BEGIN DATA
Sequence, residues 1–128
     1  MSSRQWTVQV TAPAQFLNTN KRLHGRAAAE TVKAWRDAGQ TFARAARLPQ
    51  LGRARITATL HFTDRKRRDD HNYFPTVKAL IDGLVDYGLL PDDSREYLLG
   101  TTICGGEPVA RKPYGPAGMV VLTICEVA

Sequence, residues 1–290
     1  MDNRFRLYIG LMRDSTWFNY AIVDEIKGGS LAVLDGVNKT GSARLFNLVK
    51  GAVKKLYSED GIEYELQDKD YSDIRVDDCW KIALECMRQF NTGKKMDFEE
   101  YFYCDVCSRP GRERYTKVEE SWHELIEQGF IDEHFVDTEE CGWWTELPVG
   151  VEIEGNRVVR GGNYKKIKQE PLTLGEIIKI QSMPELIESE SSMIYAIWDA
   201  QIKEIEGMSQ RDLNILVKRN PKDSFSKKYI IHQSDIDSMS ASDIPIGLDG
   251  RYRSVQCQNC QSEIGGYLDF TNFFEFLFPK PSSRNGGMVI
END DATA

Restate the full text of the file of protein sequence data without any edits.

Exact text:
Sequence, residues 1–128
     1  MSSRQWTVQV TAPAQFLNTN KRLHGRAAAE TVKAWRDAGQ TFARAARLPQ
    51  LGRARITATL HFTDRKRRDD HNYFPTVKAL IDGLVDYGLL PDDSREYLLG
   101  TTICGGEPVA RKPYGPAGMV VLTICEVA

Sequence, residues 1–290
     1  MDNRFRLYIG LMRDSTWFNY AIVDEIKGGS LAVLDGVNKT GSARLFNLVK
    51  GAVKKLYSED GIEYELQDKD YSDIRVDDCW KIALECMRQF NTGKKMDFEE
   101  YFYCDVCSRP GRERYTKVEE SWHELIEQGF IDEHFVDTEE CGWWTELPVG
   151  VEIEGNRVVR GGNYKKIKQE PLTLGEIIKI QSMPELIESE SSMIYAIWDA
   201  QIKEIEGMSQ RDLNILVKRN PKDSFSKKYI IHQSDIDSMS ASDIPIGLDG
   251  RYRSVQCQNC QSEIGGYLDF TNFFEFLFPK PSSRNGGMVI